Let me stress that I am not saying that seatbelts cannot save some lives. Try to understand that safety is not the point. I am only using seatbelts as an example. The idea here is to question EVERYTHING. Let me demonstrate.

It is my position that seatbelt laws are not about safety. Instead, I believe such laws infringe upon our rights and are made to take our money. Can I prove that?

Let us start with the money. Suppose a person is not wearing a seatbelt in an accident. In that case, an insurance company will seek to reduce the amount of money it is obligated to pay under a legal principle known as “comparative negligence.” That has little to do with how much the government or insurance company cares about you and your family. It seems that it has more to do with how much money they can retain.

Meanwhile, seatbelt enforcement requirements at many different departments have increased nationwide, creating a de-facto quota system. The “why” for this is simple. It provides revenue for the jurisdiction. Of course, before I can prove the revenue part, I must prove that a quota system happens.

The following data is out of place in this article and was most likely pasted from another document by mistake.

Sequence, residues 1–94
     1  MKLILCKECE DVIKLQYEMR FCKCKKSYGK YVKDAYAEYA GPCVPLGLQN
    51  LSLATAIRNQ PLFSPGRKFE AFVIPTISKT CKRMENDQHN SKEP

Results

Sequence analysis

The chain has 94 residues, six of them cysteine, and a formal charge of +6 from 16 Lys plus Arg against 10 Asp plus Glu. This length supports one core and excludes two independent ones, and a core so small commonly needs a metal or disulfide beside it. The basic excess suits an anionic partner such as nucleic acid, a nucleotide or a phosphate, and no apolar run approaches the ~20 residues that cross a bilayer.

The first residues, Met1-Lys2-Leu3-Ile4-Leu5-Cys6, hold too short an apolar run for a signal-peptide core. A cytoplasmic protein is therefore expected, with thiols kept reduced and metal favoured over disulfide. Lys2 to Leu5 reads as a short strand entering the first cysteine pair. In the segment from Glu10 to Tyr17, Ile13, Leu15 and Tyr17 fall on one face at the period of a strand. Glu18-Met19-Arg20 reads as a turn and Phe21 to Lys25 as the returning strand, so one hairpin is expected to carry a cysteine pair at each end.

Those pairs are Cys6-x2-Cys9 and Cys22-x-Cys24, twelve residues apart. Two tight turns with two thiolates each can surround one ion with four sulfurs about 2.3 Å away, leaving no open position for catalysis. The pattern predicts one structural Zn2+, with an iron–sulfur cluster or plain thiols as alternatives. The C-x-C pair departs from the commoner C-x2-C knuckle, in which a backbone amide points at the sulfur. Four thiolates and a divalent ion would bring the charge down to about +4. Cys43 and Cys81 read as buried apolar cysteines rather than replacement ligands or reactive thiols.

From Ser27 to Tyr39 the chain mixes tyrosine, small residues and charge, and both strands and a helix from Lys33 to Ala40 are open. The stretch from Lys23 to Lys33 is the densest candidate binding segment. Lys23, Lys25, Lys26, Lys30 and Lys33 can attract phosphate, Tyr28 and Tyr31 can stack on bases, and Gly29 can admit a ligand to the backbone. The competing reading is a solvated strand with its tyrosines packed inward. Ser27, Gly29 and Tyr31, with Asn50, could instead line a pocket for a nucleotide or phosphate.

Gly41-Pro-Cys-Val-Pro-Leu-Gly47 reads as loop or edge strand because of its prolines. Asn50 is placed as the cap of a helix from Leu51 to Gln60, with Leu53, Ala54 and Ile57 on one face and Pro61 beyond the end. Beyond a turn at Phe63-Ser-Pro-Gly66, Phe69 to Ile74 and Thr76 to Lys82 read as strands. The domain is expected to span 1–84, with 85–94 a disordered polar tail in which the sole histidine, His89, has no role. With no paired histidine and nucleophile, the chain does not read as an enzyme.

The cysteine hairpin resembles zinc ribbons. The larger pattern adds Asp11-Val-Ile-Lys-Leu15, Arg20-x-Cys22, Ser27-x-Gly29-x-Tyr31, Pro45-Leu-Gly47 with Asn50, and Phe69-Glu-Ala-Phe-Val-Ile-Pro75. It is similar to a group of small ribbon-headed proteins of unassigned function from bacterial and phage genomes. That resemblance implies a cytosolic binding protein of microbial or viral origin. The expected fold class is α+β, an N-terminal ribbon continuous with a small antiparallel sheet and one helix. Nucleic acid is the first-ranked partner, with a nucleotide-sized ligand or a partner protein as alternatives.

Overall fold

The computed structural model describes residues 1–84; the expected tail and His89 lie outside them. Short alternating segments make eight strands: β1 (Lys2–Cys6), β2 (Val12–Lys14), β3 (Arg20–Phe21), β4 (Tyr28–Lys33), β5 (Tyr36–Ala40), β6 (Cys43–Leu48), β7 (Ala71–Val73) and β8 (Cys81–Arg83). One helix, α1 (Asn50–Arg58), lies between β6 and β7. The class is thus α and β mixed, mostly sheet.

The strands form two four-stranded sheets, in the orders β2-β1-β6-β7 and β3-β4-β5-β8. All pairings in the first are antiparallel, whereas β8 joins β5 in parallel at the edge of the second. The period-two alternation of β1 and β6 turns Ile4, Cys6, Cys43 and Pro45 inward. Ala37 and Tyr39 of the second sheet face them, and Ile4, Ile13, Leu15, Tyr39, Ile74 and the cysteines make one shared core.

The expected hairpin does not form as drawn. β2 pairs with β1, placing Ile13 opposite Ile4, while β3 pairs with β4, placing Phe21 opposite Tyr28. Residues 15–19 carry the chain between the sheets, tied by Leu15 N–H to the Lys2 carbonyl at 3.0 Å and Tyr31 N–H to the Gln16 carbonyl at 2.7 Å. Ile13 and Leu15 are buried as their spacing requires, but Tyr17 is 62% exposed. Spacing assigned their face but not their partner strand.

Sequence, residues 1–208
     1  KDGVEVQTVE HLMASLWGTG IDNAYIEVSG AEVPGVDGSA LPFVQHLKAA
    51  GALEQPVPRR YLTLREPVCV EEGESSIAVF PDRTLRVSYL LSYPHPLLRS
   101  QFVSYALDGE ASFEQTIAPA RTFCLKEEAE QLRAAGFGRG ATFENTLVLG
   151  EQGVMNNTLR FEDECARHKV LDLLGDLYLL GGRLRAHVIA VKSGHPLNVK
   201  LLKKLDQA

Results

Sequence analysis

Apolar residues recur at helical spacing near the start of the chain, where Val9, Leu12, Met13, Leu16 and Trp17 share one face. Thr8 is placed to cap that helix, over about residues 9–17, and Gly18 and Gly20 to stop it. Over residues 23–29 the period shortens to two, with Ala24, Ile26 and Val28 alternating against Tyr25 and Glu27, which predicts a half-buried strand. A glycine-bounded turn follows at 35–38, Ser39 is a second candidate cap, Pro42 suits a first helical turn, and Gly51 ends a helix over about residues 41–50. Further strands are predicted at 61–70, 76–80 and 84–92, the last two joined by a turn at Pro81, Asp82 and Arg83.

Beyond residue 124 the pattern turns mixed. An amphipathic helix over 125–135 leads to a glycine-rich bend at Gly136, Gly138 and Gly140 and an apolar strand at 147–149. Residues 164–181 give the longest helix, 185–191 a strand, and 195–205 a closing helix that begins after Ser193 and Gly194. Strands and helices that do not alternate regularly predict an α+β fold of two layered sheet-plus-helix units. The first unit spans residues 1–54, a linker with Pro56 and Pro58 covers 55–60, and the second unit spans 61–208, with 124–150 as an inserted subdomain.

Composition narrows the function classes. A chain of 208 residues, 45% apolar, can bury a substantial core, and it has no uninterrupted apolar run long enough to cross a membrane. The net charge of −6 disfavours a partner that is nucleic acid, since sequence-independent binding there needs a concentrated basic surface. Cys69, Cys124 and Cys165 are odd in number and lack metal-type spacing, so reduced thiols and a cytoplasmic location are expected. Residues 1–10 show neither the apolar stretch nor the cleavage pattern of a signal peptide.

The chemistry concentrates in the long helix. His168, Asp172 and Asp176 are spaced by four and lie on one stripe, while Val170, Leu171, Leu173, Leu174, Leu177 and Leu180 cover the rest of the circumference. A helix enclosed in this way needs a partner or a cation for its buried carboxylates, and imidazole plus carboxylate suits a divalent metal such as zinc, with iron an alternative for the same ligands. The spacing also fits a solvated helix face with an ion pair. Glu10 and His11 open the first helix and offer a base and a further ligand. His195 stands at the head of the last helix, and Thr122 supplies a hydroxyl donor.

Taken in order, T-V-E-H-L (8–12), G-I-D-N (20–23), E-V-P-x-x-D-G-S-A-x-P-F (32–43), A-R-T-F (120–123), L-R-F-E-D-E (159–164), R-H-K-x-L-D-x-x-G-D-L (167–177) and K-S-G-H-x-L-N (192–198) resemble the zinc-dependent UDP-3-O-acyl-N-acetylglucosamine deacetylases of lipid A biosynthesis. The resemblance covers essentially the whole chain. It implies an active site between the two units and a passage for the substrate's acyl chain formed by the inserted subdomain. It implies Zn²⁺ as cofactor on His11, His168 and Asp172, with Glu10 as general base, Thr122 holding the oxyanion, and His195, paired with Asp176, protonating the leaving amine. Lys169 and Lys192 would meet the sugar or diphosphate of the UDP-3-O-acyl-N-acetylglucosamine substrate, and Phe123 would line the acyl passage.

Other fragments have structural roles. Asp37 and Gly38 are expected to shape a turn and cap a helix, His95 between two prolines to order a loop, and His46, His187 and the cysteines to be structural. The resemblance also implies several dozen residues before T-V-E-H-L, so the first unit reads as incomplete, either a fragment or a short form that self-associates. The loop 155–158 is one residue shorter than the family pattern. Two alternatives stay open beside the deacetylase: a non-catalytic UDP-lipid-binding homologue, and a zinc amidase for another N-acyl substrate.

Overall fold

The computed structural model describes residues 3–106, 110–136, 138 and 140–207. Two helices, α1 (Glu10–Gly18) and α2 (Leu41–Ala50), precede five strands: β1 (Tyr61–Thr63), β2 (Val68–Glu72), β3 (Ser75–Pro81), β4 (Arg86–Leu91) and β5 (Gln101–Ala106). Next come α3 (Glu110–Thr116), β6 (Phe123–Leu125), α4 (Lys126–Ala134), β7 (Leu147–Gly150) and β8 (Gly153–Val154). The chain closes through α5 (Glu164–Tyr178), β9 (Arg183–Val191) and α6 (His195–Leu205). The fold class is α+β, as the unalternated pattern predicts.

So look at Waldo, Florida, where officers in the Waldo Police Department had to blow the whistle to the city council. The department’s chief was assigning required quotas for writing tickets (Bamforth, 2014). This is one example of many. Blatant or de-facto – it happens, and Police and cities across the nation are raking in revenue as a result.

Statistics are hard to come by, but by looking at some of the states that provide them, we can get a rough idea of what I am talking about. Take Delaware, for instance. In 2012, a seatbelt violation cost roughly $83.50, and officers issued 1,041 seatbelt citations during their Click it or Ticket campaign. That means that during the 14-day campaign, the state could make an additional $100,000. Nebraska raked in between $400,000 and  $750,000 in the same two weeks (Dwoskin, 2013). Now, imagine bigger states, more cities, more cops, varied fines, and so on. Now imagine this over the entire year instead of just during that two-week program, but remember, it is for your $afety.